The Federal Reserve will charge more for direct loans it extends to banks with short-term funding needs, removing a long-standing subsidy and effectively capping the cost of money in the $500 billion-a-day market for bank reserves. The Fed's Board of Governors agreed to raise the discount rate, the interest rate banks pay for direct Fed loans, for all banks and to require distressed banks that can't obtain funds in the market to pay a premium. The discount rate, at 1.25 percent, is half a percentage point below the overnight bank lending rate, the rate banks pay for loans from other banks. Because the discount rate is below the overnight rate, it provides banks with a subsidy that Fed officials say is objectionable

EU Claims Reynolds Laundered Money

European Union regulators filed a civil lawsuit against R.J. Reynolds Tobacco Holdings, claiming the U.S. cigarette maker helped organized crime launder money. R.J. Reynolds called the accusations "absurd." The suit claims the company failed to prevent organized crime from using cigarette purchases to launder proceeds from narcotics and weapons trafficking.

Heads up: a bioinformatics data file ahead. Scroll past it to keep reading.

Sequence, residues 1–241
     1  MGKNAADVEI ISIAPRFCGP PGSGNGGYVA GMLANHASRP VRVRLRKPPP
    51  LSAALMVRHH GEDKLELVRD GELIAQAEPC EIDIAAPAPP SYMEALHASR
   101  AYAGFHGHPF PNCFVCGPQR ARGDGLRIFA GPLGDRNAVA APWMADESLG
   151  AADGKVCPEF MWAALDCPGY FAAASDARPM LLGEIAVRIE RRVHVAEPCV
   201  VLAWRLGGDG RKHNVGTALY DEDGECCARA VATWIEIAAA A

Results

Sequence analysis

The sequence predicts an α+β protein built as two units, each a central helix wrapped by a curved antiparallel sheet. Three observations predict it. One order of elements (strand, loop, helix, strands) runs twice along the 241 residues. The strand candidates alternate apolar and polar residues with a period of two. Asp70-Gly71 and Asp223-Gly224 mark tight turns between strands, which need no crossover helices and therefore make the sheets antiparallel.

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Ford Motor extended its longest new-vehicle loans to six years, effectively cutting consumers' monthly payments in an attempt to revive slumping car and truck sales. The automaker started offering six-year loans on all of its Ford-brand vehicles earlier this month, including interest rates as low as 1.9 percent on the Ford Windstar minivan, a spokesman said. Interest rates on the six-year loans for other vehicles range mainly from 3.9 to 6.9 percent.

Bristol-Myers Squibb and ImClone Systems plan to begin new late-stage trials on the cancer drug Erbitux, which failed in December to get a review from U.S. regulators and is at the center of insider-trading probes.

Vivendi Universal agreed to sell U.S. publisher Houghton Mifflin to a group of private investors including the Blackstone Group. Vivendi valued the deal at an estimated $1.73 billion including debt, but no further specifics were provided. Vivendi has sought to sell its publishing assets to pay down debt.